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CUTTING THE FAT, adding the value The concept may have been born in Toyota’s manufacturing plant in the 1990s, but lean management has caught on across the world and is reinventing the way leaders in the resource industry operate and work with their teams. TOYOTA’S ASCENSION FROM a capital-starved Japanese automaker into one of the most powerful corporations in the world was driven by cutting three types of waste: non-value adding work, overburden and unevenness. The process involves reviewing every step in the value chain to eliminate unnecessary waste and lower costs, increase efficiency and boost productivity. It’s a simple and effective management philosophy that has made corporations across the world stand up and take notice. Today, ‘Lean Thinking’ is fast infiltrating Australian organisations and evolving beyond manufacturing to a range of sectors – including the dynamic resource industry. Consultancy firm SA Partners provides thought leadership in this area, and managing director Chris Butterworth says its principles are proving to be very effective in project-based work, service sectors and support functions. “There are a lot of myths about lean thinking, but an obviously one is that it is just for manufacturing,” says Butterworth, who worked for SA Partners in the UK for a decade before heading the firm’s Australian expansion. “The other myth is that it is for order fulfilment – getting stuff out the door – and a lot of people think it’s just a continuous production, rather than project work. I think the key thing that people need to recognise is that it’s about lean thinking as opposed to lean manufacturing. “Lean thinking isn’t about providing tools and techniques to help make business decisions. Success and sustainability is about people, and 10 per cent about tools and techniques.” Butterworth’s right-hand man is Jon Lindsay, the managing consultant of the firm and its leadership coach. Lindsay’s view in applying lean management to resources clients is that the principles can be applied to more closely match supply and the varying demand of take-up by the end customer. He says lean management isn’t solely about controlling costs and cutting corners, but rather about providing value to the customer, often defined in terms of time and quality, which encourages repeat business and increases profit. “The principles of lean can be applied to the resource sector, despite the fact that the industry has often felt the need to stockpile and maintain production even in the light of rapidly fluctuating demand. The principle of ‘flow’ is as applicable to digging and transporting materials as it is in a manufacturing sense,” says Lindsay. “The resource industry can apply lean principles to processes outside of just producing material. For example, lean approaches can be used in matters of recruitment, sales management as well as operations management and product development.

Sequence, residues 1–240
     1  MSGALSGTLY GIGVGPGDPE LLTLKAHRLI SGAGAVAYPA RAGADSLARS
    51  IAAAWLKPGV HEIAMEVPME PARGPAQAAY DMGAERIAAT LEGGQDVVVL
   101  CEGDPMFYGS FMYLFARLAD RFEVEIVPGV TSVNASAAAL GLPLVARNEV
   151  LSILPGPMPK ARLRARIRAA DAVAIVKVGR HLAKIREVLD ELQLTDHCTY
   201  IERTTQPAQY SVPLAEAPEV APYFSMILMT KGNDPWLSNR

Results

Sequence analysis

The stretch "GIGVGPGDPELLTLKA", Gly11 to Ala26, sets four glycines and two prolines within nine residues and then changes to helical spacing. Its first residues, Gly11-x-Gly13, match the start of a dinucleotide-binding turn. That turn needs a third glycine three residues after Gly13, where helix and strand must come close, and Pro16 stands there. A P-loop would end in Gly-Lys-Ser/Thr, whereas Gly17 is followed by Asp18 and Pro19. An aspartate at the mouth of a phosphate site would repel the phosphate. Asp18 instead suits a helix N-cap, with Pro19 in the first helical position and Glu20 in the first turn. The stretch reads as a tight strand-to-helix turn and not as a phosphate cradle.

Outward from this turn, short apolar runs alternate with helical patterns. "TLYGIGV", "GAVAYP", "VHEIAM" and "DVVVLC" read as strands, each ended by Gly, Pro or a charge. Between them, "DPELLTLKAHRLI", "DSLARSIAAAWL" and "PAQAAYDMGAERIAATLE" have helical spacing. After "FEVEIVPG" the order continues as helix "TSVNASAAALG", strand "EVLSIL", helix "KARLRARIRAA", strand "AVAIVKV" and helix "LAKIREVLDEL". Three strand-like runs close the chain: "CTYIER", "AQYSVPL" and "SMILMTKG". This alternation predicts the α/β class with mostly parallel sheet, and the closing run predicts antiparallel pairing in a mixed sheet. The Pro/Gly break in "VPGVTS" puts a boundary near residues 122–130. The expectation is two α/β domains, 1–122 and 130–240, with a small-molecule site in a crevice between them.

“One striking example in the resource sector is that projects and operations are not necessarily aligned with their objectives. Operations can quite often be starved of funds for incremental improvement, whereas projects can benefit from headline catching investment cash. “So there is an opportunity for a combined goal – one more aligned between projects and operations to make a massive improvement in operational effectiveness in some resource sectors.” Butterworth elaborates on this in a human resources sense, explaining that a wide understanding of the company’s overall goals and objectives helps employees understand why they are doing what they are doing. “What delivers customer value? Its key processes. And processes cut across every department. For example, just take the simple process of getting the material to the customer – it involves purchasing, planning, logistics, operations, finance. However, the main thing to consider: is what are the value streams within these processes?” says Butterworth. “If I am sitting in a department, how do I understand what my role is in supporting the process and not just in supporting the department? What we see is many organisations create massive waste by optimising departmental performance at the expense of efficiency in another area of the business. “So when we’re looking at value stream, we are looking at how people understand how they can fit in supporting the process as a whole, and make sure that the measures we’ve got in place assess the process performance and not an individual department performance which drives everyone’s behaviour.”


| Spring 2012 |

Profile for AMMA

RESOURCE PEOPLE Issue 002 | Spring 2012  

RESOURCE PEOPLE Issue 002 | Spring 2012